Random quotes from Spring Training

Mookie Betts, on his 2020 season: “I mean, it was serviceable. It got the job done. That’s what we’re here for.”

Roberts, when told of Betts’ self-evaluation: “Man, I’ll take serviceable if that’s what he classified it as. But Mookie, like all great players, they expect a lot from themselves.”

Corey Seager, on his impending free agency and whether a contract extension is in the works: “I don’t really want to talk about it, to be honest. That’s not my focus. It’s never been about that. It’s always been about showing up that day and doing what you can to help the team. I don’t want the extra effort to have to talk about that in the media. I just want to go out and do my job and let the chips fall.”


Roberts, on how Kenley Jansen looked during a workout session: “Exceptional. Just the life to the fastball. The command was great. The fastball, the cutter, the two-seamer, the breaking ball, everything was really on point today.”

Cody Bellinger, on whether he will forearm bash teammates this season after dislocating his shoulder doing it during the playoffs: “Never again. I will be a handshake guy for the rest of my career, that’s for sure. I won’t ever go back to it.”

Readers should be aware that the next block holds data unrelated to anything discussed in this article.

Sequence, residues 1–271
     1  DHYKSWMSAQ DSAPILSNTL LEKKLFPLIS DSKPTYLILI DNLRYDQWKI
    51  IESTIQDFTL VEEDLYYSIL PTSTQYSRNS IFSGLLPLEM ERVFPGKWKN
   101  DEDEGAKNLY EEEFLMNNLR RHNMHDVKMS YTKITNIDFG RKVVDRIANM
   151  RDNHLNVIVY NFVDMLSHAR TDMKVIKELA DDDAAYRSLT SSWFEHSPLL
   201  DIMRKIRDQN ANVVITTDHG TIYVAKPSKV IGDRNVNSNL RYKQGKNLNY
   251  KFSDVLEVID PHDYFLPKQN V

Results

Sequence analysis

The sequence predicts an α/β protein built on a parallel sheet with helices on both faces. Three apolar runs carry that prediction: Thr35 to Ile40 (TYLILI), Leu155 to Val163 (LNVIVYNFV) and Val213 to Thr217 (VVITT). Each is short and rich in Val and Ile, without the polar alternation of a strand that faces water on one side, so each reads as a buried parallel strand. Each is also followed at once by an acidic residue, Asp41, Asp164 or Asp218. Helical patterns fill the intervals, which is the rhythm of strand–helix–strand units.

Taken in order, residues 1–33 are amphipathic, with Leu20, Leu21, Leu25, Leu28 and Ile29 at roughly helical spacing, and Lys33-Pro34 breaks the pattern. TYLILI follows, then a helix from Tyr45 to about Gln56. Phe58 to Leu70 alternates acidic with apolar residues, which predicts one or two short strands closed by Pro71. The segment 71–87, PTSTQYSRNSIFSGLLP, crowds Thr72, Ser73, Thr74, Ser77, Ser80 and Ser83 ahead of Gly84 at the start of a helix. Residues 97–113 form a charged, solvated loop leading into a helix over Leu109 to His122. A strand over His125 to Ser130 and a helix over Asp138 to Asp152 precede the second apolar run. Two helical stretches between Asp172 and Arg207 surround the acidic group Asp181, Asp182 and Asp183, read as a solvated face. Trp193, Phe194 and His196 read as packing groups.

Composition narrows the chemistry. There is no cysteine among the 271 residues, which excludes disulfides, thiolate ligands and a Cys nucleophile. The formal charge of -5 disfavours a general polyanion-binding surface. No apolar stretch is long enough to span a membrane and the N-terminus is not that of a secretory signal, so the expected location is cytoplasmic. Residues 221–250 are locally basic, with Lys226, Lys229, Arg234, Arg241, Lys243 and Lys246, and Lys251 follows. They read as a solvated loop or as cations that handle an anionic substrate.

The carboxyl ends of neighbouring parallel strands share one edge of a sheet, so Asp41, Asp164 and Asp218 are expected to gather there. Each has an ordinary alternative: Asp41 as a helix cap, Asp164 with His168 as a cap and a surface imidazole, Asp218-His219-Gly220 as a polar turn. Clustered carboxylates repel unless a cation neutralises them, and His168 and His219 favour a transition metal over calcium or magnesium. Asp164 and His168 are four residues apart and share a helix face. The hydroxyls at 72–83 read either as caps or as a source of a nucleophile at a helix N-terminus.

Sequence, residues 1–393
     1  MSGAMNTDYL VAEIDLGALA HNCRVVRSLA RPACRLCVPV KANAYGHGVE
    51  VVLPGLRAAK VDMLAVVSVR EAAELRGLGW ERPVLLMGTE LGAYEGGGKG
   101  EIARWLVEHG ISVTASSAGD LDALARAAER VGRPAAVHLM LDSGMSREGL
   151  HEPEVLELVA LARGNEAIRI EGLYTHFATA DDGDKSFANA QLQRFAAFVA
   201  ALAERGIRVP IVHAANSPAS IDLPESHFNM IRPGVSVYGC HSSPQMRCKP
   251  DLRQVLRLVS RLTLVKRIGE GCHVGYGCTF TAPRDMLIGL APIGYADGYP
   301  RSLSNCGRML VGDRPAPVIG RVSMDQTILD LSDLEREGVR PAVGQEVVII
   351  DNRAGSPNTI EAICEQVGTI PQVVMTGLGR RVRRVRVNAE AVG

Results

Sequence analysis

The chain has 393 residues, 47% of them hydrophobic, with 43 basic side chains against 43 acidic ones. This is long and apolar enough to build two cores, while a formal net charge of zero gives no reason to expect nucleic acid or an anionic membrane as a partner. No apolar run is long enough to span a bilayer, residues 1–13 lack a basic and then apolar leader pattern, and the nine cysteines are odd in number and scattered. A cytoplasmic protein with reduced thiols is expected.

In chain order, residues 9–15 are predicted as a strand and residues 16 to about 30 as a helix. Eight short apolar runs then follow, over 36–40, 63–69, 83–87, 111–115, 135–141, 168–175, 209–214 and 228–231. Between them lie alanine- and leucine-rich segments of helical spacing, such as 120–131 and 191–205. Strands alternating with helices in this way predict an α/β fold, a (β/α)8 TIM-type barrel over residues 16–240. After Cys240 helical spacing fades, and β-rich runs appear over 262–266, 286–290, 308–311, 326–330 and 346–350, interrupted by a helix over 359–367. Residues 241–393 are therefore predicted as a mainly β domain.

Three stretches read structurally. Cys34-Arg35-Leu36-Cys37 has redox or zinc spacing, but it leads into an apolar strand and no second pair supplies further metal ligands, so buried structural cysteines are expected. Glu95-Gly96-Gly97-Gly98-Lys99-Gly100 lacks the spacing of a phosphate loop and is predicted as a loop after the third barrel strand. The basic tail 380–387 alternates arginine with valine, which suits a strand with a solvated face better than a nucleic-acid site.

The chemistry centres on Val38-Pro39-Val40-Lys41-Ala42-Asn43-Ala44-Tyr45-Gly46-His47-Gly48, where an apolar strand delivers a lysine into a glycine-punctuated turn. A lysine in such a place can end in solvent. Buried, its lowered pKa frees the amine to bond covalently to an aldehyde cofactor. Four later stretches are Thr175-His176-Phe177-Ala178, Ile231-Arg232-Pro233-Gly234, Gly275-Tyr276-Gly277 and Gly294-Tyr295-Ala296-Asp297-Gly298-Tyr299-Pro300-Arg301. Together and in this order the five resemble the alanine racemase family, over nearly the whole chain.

Zach McKinstry, on replacing super-sub Kiké Hernández: “That’s the goal. You see [Hernández] leave, you’re kind of in that same role throughout the minor league system and they just kind of bring you up that way so definitely those are the shoes I think I need to fill and I think I’m right there competing for that spot and it’s up for the taking.”

Your first Dodgers memory

Since I still have a lot of these, “Your first Dodgers memory” returns this season. If you haven’t already, I’d still love for you to send me your first Dodgers memory, and it might run in an upcoming Dodgers Dugout. Include your name and where you live. And don’t send only a sentence. Tell why that memory sticks out in your mind. You can email me your memory at Thanks.